Typical first time buyers in London will need to earn over £100,000 a year by 2020, new research by housing and homelessness charity Shelter shows. This is an increase of over a quarter on the £80k needed for a typical first time buyer’s mortgage today.
On top of this, a typical deposit will be £138,000 to keep up with rocketing house prices in the capital, which are projected to rise to £558,000 over the next four years.
The research looked at the salary and deposit needed for the average first time buyer today, and calculated what they would be in 2020 if they grew in line with projected increases in house prices.
These figures come as no surprise given that, over the last five years, the country’s severe housing shortage has seen house prices rise fifteen times faster than wages in London. In central borough Westminster currently, the average house price is around £1.1 million pounds, a growth of 67% in the last five years. Compared to this, the average salary of a worker in the same area is around £42K per year, a figure which has actually dropped by 7% over the same period.
Shelter is warning that, unless the next Mayor commits to building homes that people on ordinary incomes can actually afford, the situation is only likely to get worse.
Campbell Robb, Shelter’s Chief Executive, said: “When house prices are increasing fifteen times faster than the average wage, it’s no wonder Londoners on ordinary incomes are being locked out of a home of their own.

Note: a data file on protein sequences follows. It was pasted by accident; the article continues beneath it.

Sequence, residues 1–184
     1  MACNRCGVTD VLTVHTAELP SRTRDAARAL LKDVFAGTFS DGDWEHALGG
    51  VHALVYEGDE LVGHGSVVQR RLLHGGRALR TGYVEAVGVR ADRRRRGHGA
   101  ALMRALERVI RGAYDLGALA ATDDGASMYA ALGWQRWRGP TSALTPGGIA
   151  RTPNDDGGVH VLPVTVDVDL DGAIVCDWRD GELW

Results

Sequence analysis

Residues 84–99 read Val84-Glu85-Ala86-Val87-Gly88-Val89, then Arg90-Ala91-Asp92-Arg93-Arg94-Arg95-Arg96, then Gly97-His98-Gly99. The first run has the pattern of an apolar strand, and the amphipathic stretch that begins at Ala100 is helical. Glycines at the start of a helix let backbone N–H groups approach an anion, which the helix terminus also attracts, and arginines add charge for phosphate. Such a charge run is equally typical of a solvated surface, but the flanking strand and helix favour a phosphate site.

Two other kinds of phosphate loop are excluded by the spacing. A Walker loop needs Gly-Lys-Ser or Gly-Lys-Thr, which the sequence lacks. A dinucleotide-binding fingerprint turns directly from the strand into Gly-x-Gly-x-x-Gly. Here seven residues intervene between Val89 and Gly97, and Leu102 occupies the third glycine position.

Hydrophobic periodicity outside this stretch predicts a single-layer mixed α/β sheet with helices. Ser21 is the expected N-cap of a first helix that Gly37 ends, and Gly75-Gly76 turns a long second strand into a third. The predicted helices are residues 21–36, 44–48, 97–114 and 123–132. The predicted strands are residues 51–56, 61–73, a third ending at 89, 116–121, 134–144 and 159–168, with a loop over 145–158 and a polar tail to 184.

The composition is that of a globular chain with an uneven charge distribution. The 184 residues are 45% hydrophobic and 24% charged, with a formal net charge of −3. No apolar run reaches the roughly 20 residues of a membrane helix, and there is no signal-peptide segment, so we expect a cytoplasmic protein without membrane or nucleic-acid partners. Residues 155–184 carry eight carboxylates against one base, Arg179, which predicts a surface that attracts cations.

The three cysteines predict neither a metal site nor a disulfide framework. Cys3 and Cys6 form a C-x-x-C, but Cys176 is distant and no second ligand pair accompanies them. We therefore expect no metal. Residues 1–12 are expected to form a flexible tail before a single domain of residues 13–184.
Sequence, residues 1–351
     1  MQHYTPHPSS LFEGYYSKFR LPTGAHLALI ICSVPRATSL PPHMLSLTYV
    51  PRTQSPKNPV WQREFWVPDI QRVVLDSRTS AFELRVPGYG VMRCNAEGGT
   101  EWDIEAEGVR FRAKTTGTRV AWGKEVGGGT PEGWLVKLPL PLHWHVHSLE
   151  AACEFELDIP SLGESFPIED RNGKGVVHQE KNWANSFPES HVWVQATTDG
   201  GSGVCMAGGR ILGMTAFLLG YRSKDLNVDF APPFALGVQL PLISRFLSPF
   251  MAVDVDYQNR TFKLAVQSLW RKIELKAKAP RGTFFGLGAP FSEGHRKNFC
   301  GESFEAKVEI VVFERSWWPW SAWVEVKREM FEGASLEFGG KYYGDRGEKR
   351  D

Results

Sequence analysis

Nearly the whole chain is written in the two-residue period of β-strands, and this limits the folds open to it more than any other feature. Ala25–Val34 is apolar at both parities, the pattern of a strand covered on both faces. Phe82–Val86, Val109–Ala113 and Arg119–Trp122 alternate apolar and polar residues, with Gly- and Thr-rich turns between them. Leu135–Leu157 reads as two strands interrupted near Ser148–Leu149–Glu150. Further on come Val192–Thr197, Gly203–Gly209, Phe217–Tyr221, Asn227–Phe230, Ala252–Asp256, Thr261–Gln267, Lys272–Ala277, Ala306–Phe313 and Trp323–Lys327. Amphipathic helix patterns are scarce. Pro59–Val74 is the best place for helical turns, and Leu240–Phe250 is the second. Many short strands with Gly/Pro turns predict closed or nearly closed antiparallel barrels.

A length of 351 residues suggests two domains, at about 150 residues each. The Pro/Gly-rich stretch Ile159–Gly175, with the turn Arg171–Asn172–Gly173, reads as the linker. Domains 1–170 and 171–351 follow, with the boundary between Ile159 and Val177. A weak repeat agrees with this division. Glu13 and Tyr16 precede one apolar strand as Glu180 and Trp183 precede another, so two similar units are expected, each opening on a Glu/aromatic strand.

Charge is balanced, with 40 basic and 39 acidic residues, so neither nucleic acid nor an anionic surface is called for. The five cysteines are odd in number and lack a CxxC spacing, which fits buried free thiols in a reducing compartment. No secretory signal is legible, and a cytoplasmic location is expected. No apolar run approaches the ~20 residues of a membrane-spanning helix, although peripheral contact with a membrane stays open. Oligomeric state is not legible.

“With the situation only set to get worse, Generation Rent will be forced to resign themselves to a life in expensive, unstable private renting, and wave goodbye to their dreams of a home to put down roots in.
“It doesn’t have to be like this. The next Mayor of London has the power to turn our housing crisis around, and with only weeks before Londoners go to the polling booth, the candidates must commit to investing in homes that people on ordinary incomes can actually afford and making renting more secure.”
Mike, a nurse, is currently renting and is facing having to move away from the capital because of high housing costs.
“On a nurse’s salary and with house prices so high, I can’t see how I’ll ever own my own home. At the moment, it feels like nothing more than a pipe dream.
“I’m stuck renting and looking at moving away from where I currently live because rents have gone up so much as well. It just seems so unfair – if you work hard, you should be able to afford a place to call home.”